Werner Vogels, CTO at Amazon.com spoke at Supernova 2006 on the topic of Scalability at Amazon and the talk is available as a podcast at IT Conversations (thanks to James Governor for the link).
I made some notes as I listened this morning and thought I'd share:
A services business. Amazon.com is a platform. NBA.com is an application built on Amazon.com
If your online business is successful and you experience a 1000-fold increase in traffic you want your site to stay up! Building, operating and maintaining infrastructure that can be ‘always on’ and scale and is hard. Wouldn't it be nice to pay-as-you-go, rather than investing your capital up-front?
You need infrastructure that can incrementally scale. In 1995 Amazon.com had 1m books in its catalogue. That was the beginning. Now it has 35 different stores, not just books. Growing our business is not just a matter of buying bigger databases. Amazon has gone beyond that point.
Internally, Amazon is now a completely service oriented architecture (SOA).
A single Amazon.com page is made up of 100 to 150 individual web services.
What does 'scalability' actually mean? It means that if you add resources to the system the performance needs to increase proportional to the resources that you’ve added. Many of the academic algorithms don’t work like this. Many of the two-phase commit traditional transactional stuff doesn’t work like this. In general, the load on the network relevant to the application increases more than the magnitude of n. It doesn’t mean just handling more requests, it also means handling larger datasets. It needs to be able to add nodes to the system to achieve fault tolerance. It means that if you add bigger nodes you should be able to take advantage of more processing and more memory. It means that the more bigger nodes you add, the fewer people you require to actually maintain them and that as you add more nodes that system should not become more unstable. It means being more cost effective.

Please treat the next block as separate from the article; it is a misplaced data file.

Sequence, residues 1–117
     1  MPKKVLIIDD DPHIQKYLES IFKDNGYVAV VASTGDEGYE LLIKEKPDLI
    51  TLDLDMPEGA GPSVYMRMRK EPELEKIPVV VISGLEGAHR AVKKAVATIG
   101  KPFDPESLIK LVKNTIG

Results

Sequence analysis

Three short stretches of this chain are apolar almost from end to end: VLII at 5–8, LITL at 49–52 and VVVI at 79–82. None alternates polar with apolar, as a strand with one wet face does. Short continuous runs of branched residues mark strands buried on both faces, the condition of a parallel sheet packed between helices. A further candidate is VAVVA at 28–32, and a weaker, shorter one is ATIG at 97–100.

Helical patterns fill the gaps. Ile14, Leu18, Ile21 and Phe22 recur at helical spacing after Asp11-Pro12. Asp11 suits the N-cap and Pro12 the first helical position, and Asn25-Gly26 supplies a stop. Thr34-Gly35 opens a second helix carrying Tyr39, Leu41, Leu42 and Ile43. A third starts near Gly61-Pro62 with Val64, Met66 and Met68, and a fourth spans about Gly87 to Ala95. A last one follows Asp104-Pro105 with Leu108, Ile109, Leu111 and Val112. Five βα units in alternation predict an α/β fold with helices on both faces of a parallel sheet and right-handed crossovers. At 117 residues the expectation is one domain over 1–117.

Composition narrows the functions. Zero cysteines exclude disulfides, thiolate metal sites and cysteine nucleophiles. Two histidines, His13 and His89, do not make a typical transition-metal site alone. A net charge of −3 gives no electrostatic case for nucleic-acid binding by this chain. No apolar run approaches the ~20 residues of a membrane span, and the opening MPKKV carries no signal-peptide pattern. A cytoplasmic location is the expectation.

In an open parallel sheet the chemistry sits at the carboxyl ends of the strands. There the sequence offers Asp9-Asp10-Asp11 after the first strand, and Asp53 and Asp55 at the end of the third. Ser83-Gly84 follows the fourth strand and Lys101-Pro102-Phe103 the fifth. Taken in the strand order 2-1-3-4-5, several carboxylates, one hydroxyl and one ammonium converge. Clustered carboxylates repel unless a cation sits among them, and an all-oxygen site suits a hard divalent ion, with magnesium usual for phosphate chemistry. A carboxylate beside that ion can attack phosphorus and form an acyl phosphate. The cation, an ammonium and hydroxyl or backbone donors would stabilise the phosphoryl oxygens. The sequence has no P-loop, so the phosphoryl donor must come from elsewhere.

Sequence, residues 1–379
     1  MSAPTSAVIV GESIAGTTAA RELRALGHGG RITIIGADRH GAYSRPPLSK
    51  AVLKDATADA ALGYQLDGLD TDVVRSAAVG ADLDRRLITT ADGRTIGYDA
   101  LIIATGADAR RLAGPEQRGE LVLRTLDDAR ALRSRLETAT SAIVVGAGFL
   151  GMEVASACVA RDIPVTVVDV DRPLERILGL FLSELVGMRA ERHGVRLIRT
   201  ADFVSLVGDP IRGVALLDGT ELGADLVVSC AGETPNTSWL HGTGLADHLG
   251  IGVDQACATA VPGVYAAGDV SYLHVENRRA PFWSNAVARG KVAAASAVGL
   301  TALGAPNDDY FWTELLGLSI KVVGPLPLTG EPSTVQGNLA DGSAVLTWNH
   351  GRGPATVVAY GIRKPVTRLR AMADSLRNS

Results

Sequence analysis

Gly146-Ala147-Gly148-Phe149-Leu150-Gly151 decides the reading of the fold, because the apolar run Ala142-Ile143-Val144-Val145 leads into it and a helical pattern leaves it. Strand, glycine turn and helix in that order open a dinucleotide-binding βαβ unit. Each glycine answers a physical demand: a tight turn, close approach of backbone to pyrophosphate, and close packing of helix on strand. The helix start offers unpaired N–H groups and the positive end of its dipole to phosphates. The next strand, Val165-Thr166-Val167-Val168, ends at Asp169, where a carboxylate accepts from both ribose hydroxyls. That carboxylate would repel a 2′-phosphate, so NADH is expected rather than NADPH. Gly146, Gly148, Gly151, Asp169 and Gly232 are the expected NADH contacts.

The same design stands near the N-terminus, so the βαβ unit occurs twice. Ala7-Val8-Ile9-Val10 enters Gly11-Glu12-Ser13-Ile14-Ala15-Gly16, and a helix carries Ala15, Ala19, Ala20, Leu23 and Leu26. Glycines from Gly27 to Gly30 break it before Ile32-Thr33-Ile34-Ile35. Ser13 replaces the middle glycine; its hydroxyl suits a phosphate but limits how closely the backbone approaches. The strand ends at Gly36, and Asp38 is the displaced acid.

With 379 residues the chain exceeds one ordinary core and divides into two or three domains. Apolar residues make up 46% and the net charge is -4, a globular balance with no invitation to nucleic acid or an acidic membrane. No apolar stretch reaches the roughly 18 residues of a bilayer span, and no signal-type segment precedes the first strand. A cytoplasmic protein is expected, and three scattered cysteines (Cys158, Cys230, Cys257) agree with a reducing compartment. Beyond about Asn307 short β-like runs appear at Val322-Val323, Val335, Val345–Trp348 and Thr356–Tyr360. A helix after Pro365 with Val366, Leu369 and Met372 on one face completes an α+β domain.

Target came to us and asked 'we really love what you've done with Amazon - can you do that for us?' Our interaction with Target made us realize we could become a platform rather than just a single application. Different sets of Amazon Enterprise web services: content generation and discoverability; identity; inventory management; fulfillment and customer service; order processing, payment and fraud protection. You can mix and mash these services.
Those services that are consumed by partners are guaranteed as 'always on'.
Cost effectiveness is scale.
Unexpected uses and applications built on top of our web services that we couldn't predict.
Our goal was expose all the atomic pieces that Amazon was really good at and to do that at scale and as web services.